On this West Virginia Week, we learned about plants that can thrive in former mine lands, we kayaked along the Gauley River, we learned about an art exhibit inspired by recent cuts at West Virginia University, and we saw dogs fly from Charleston to Michigan to reach their forever homes.Continue Reading Take Me to More News
For decades, communities in the Ohio Valley have grappled with water contaminated with toxic fluorinated chemicals, sometimes called PFOA or C-8 that are often used to make non-stick pans and other items, but this type of contamination isn’t limited to the region.
A newly-updated map shows the number of contaminated sites that are known to exist around the country has nearly doubled in the past year.
The non-profit Environmental Working Group and a team of environmental health researchers at Northeastern University in Boston developed the map, which tracks publicly-known contaminated sites reported from both EPA testing and state and local agencies.
The number of sites has exploded in the 10 months since the map was first published. Last February, researchers knew of 52 sites in 19 states. Today, they know of 94 sites in 22 states that report the presence of these chemicals, which are linked to cancer, thyroid disease and other health problems.
Much of the newly noted activity came from Michigan. Communities there are dealing with contamination from 3M’s Scotchgard fabric protector used by shoemaker Wolverine World Wide.
Martinsburg, in the Eastern Panhandle, was the only site in West Virginia researchers added during this update.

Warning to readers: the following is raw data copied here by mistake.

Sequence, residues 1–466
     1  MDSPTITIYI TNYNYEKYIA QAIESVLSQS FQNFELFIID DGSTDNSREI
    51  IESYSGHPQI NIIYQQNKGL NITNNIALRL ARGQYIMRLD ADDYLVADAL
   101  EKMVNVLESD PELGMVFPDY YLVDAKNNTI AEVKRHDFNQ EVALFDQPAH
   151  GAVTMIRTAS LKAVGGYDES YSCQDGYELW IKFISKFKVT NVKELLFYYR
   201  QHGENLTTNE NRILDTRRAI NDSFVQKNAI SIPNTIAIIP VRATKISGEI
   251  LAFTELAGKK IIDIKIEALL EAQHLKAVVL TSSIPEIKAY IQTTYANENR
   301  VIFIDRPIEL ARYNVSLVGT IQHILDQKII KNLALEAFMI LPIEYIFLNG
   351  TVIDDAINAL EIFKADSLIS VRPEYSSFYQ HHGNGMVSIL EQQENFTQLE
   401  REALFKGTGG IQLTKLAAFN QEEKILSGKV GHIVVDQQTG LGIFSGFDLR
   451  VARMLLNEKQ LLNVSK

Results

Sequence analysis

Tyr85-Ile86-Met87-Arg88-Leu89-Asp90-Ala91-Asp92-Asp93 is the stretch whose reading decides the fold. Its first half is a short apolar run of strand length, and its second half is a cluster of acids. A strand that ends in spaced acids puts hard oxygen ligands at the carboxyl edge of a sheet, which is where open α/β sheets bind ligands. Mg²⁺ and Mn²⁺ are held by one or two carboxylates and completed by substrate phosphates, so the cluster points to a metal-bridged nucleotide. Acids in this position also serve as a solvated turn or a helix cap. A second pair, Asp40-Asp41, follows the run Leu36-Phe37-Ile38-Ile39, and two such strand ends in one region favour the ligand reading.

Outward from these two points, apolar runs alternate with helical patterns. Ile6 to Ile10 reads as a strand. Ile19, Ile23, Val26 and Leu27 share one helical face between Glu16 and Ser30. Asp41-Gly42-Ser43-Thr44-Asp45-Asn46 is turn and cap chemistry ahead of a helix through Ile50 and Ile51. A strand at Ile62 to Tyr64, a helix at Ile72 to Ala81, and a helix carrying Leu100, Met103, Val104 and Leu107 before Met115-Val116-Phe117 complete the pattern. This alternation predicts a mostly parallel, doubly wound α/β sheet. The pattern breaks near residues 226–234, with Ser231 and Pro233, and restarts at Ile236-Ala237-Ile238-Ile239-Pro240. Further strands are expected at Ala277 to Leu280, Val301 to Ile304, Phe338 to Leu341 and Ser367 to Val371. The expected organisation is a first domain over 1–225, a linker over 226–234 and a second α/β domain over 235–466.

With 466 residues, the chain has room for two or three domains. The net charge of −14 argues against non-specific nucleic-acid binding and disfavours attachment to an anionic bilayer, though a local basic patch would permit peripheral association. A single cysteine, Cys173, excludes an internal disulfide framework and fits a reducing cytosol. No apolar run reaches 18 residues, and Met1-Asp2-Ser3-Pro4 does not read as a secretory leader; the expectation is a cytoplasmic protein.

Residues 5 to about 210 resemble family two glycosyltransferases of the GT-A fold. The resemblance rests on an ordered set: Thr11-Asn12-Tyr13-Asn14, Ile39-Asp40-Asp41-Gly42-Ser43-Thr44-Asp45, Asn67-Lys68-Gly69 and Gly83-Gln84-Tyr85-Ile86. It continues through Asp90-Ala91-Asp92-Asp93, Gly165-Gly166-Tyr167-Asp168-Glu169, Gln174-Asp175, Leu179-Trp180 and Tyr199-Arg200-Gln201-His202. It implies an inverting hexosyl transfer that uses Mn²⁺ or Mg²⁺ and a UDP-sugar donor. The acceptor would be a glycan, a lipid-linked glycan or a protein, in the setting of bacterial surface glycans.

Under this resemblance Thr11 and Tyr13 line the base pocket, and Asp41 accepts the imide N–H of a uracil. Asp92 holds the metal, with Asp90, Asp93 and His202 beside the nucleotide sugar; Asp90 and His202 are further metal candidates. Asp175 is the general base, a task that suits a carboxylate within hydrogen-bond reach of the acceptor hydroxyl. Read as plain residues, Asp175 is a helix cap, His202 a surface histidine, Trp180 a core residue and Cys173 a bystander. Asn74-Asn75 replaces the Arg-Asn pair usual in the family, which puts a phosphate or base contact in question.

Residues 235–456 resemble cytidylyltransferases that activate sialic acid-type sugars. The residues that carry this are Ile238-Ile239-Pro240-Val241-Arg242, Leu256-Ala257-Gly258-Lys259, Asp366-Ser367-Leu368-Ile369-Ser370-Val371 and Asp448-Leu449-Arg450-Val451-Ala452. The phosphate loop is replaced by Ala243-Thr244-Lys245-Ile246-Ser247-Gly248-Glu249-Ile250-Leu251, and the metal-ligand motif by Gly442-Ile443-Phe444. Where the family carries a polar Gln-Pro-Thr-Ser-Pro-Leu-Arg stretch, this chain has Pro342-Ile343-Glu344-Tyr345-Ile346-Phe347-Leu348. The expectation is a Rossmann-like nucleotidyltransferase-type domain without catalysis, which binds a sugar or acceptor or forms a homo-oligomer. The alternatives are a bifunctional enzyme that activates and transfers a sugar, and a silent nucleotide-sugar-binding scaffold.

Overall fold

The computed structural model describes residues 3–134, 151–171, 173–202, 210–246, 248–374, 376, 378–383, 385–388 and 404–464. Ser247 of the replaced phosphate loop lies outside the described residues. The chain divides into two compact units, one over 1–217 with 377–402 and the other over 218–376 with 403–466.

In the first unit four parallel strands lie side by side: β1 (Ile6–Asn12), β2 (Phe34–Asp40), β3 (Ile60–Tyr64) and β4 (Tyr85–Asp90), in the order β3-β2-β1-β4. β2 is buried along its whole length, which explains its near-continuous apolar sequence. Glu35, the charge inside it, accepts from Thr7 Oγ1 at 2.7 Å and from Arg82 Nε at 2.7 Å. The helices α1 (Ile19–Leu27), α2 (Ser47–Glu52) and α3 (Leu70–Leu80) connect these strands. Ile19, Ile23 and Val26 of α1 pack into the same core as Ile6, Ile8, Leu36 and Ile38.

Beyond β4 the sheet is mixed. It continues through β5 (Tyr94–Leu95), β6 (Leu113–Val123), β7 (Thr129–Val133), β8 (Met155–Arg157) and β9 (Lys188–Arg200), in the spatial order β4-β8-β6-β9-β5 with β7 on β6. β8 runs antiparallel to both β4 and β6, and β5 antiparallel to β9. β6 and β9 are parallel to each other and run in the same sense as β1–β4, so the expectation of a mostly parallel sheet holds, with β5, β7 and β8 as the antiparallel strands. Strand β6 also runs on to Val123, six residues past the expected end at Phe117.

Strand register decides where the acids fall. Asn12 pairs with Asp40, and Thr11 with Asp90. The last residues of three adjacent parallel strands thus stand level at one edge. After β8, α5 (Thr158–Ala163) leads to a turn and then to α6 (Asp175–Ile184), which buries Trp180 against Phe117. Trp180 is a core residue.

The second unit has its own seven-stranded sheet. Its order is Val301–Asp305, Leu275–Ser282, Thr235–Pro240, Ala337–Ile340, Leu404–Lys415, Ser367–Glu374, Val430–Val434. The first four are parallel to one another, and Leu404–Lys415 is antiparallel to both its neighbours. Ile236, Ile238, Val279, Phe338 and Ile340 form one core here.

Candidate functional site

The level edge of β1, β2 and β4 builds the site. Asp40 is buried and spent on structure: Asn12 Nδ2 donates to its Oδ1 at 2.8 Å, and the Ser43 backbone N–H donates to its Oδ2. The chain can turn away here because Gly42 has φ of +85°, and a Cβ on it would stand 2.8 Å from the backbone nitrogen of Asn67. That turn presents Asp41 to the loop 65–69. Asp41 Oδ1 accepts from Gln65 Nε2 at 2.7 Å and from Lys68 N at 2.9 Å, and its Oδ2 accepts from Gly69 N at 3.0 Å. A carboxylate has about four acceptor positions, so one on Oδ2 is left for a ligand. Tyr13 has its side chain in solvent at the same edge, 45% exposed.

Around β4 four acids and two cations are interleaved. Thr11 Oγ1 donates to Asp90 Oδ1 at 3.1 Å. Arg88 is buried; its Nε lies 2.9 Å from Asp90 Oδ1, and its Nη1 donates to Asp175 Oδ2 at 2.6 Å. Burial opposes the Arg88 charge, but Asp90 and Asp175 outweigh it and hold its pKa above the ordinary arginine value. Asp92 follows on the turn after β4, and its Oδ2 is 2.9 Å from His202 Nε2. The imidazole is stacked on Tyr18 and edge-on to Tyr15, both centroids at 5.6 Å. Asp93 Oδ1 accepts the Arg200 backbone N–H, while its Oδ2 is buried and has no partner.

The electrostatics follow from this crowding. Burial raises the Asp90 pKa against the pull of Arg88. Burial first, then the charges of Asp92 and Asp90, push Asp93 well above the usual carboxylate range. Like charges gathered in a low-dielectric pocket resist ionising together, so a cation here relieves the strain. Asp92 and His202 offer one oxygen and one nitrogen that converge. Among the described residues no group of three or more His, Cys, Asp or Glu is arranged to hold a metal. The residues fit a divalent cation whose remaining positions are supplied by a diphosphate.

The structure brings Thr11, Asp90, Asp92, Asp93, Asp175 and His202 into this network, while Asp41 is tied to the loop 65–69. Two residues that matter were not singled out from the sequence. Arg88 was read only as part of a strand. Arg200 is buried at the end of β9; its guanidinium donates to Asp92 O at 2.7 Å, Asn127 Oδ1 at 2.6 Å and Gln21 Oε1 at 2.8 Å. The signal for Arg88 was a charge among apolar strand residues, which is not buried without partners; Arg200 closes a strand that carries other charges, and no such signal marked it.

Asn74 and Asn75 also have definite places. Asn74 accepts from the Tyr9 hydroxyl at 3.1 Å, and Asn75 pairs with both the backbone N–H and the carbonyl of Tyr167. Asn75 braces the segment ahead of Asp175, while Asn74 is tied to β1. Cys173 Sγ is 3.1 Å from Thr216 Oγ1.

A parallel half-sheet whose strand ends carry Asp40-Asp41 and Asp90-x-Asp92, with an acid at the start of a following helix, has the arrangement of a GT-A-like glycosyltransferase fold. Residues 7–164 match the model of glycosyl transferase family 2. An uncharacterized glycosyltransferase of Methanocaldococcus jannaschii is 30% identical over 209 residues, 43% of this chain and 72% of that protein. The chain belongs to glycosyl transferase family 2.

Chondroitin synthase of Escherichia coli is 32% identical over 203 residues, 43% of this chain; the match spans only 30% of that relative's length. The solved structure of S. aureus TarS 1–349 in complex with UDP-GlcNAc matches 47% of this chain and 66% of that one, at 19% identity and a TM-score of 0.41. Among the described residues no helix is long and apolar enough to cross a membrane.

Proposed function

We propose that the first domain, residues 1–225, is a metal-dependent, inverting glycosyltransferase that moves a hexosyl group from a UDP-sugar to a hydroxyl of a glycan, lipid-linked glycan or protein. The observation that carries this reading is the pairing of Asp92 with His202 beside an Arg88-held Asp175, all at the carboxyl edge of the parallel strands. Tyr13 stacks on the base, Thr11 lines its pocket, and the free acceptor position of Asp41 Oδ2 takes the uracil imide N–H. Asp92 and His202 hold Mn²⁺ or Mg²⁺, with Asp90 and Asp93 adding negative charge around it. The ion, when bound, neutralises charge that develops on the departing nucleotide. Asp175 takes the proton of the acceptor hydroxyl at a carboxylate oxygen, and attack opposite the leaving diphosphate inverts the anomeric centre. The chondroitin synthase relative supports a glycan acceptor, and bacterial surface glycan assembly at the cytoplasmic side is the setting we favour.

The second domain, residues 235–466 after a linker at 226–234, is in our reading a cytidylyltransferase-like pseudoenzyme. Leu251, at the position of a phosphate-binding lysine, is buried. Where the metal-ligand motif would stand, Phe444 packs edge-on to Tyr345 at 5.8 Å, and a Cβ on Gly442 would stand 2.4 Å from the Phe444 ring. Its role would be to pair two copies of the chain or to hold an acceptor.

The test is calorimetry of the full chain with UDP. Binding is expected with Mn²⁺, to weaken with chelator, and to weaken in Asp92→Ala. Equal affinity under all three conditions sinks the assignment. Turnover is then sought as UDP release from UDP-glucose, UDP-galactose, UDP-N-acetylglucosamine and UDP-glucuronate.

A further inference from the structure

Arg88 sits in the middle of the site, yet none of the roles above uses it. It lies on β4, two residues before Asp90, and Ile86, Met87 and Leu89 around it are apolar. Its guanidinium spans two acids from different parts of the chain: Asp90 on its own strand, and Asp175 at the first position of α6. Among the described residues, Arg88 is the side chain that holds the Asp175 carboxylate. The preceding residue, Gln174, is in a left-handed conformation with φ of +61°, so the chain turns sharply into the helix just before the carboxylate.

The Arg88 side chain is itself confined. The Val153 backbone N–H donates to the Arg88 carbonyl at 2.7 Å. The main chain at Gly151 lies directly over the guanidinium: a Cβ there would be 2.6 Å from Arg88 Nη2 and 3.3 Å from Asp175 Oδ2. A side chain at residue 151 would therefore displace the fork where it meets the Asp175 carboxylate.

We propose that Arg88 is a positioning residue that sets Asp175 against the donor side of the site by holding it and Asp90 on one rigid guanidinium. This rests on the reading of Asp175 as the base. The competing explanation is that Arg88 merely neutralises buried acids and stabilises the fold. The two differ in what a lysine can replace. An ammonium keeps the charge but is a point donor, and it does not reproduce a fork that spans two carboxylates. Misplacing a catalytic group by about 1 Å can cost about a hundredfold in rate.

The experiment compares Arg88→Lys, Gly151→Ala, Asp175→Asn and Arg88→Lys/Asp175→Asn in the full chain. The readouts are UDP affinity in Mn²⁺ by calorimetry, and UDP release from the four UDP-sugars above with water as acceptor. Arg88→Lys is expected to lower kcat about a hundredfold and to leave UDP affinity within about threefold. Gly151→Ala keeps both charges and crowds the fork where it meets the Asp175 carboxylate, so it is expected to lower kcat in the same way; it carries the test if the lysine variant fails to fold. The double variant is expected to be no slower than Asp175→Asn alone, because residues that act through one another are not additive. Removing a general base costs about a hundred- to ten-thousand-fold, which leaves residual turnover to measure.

The map includes data from EPA’s testing of public water drinking systems between 2013 and 2016 and reported contamination from factories, landfills and airports gathered from state and local agencies and press coverage. It maps both C-8 and PFAS pollution. PFAS are replacements for C-8 chemicals companies no longer make and include GenX.
Bill Walker, an investigative editor with the Environmental Working Group, said the list is by no means exhaustive and many more communities are likely affected.
“Every place that has gone looking for it systematically, with any reason at all to suspect they might have contamination, has found it,” he said. “So, that’s why we’re confident in saying that we’re nowhere near the end of knowing the true scope of this problem.”
Walker says EPA could do more. The agency does not track contaminated sites. It has issued both short and long-term advisories on suggested exposure levels, but has not set a national legal limit for C-8 in drinking water.
EPA will host a national leadership summit on PFAS contamination next month in Washington, D.C.